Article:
Often underrated or unappreciated, several principal female innovators of blues music are equipped with a staggering amount of raw talent, undeniable moxie, and impressionable guitar skills. Whether referencing the pioneers who excelled despite time periods that were oozing with racism or pointing out those who maintained the blues tradition, never allowing the music to shed its important cultural components, each woman mentioned here successfully maneuvered through their path, creating crucial and influential space for those women who hoped to follow in their wake. It is safe to say that without these audacious women blues music would not be remembered for what it is today.
Elizabeth “Libba” Cotten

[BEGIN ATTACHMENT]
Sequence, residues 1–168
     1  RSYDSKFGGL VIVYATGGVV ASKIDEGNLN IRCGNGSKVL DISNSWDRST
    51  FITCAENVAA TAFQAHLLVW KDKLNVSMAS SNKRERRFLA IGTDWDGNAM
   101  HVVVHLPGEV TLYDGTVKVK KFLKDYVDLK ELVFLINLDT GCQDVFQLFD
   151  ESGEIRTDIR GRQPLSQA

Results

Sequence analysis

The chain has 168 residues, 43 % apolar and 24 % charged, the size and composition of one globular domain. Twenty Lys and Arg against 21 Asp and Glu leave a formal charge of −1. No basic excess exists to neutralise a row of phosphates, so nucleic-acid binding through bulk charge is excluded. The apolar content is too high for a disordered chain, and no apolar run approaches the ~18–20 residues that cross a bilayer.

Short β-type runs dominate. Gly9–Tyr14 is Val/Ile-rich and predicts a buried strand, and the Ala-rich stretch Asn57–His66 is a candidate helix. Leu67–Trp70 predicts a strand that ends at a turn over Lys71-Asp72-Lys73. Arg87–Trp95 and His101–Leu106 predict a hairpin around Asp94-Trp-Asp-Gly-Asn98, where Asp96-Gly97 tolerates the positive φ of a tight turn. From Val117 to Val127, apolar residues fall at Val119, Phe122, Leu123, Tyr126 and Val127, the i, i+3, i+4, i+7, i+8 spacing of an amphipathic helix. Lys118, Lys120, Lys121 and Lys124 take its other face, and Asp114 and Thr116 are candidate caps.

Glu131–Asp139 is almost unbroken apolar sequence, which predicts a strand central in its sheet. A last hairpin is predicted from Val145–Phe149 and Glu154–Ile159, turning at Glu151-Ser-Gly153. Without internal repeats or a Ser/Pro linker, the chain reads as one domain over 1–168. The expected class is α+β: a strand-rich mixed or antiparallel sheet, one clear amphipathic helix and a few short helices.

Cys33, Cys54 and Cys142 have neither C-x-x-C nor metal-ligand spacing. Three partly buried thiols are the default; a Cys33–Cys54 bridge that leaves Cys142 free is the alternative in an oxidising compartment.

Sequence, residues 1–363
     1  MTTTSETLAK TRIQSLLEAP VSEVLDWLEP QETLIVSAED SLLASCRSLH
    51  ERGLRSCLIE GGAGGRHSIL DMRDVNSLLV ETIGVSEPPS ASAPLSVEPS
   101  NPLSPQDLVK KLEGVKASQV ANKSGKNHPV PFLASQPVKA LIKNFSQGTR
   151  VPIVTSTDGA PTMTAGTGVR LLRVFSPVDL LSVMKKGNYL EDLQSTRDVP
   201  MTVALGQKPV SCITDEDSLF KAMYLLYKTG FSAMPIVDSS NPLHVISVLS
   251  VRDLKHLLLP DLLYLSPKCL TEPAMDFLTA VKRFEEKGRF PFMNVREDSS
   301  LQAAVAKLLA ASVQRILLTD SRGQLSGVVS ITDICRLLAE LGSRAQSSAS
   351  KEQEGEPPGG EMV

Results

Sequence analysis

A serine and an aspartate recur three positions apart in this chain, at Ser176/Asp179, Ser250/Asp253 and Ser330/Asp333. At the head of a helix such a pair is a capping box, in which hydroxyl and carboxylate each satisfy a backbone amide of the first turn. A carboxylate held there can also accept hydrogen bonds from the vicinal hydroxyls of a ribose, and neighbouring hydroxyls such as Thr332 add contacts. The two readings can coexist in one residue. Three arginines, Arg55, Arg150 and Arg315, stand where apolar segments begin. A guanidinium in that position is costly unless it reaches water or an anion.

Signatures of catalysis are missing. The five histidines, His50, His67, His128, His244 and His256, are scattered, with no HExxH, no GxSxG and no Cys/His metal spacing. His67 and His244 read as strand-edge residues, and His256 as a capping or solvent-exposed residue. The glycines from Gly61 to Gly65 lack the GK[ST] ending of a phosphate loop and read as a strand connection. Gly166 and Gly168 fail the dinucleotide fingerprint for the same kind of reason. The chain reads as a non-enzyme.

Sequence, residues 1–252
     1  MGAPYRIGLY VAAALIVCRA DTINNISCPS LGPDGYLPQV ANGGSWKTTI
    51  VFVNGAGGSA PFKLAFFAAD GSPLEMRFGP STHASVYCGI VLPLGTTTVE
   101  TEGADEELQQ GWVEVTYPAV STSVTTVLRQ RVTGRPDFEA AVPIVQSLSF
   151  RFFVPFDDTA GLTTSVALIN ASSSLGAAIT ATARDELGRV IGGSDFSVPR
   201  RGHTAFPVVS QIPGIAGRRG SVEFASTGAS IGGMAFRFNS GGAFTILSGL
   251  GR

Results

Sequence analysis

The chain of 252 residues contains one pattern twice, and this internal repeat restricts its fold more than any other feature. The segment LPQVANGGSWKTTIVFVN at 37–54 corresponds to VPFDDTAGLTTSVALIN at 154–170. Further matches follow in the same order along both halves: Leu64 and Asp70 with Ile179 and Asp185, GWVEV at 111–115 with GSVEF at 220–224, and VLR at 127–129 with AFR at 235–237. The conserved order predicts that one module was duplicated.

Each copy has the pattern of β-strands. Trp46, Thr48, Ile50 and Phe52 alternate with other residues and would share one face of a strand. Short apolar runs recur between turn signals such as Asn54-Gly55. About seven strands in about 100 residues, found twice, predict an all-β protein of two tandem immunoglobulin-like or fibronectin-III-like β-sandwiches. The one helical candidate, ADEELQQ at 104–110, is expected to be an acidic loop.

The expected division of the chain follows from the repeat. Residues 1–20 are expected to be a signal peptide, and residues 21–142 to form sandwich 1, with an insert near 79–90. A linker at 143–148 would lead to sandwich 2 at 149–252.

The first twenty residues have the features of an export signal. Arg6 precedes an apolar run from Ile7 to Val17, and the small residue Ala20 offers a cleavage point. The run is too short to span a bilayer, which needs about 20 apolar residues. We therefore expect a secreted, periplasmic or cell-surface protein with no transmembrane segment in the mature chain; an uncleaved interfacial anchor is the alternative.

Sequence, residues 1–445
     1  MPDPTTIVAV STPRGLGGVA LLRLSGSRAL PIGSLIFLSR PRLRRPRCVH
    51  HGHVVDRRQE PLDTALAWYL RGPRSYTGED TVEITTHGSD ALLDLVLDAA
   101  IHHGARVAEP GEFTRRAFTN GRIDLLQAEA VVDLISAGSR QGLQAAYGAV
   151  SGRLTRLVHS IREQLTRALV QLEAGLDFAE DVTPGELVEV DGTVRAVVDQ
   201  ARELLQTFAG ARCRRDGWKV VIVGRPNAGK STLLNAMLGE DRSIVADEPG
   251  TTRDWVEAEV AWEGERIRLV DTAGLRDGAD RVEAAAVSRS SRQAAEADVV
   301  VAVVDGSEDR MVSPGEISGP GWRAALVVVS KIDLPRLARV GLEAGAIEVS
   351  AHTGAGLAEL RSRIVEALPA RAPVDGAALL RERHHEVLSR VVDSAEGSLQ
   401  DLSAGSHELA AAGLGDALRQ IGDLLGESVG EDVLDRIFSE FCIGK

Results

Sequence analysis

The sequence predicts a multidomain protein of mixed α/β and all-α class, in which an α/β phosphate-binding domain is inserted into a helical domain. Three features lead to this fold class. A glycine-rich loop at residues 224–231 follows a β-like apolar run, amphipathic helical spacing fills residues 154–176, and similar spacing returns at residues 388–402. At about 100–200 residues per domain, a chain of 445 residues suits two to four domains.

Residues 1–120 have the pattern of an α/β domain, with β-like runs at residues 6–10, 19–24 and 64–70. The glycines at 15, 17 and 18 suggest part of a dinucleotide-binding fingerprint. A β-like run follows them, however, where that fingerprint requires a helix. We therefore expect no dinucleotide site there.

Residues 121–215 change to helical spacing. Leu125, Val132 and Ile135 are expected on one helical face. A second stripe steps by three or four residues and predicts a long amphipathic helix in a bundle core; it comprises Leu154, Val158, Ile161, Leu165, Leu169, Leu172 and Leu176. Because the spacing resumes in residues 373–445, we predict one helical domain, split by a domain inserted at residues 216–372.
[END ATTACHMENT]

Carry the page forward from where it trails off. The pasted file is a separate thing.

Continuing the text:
Widely remembered for her everlasting tune “Freight Train,” Elizabeth “Libba” Cotten was an American blues and folk musician whose impact can be heard within the soulful strumming of The Grateful Dead and Americana essence of Bob Dylan. Recognized as a “living treasure” by the Smithsonian Institution, Cotten was a self-taught, left-handed guitarist whose unique strumming was later trademarked as “Cotton Style.” After being discouraged by her church during her teenage years to discontinue playing what they considered to be the work of the devil, Cotten respected their wishes and put down the instrument. She went on to marry and have a child and would later on only occasionally play at church. It wasn’t until 25 years later that she would revive her love of the instrument. Cotten’s first album wasn’t released until she was 62 years old. Despite the late professional start and due to the folk revival of the 1960s, Cotten toured throughout the United States, playing shows the likes of the Newport Folk Festival (“The Kingston Trio Lineup, Biography”). Prior to her passing in 1987, Cotten received a Grammy for Best Ethnic or Traditional Folk Recording; she was ninety years old at the time.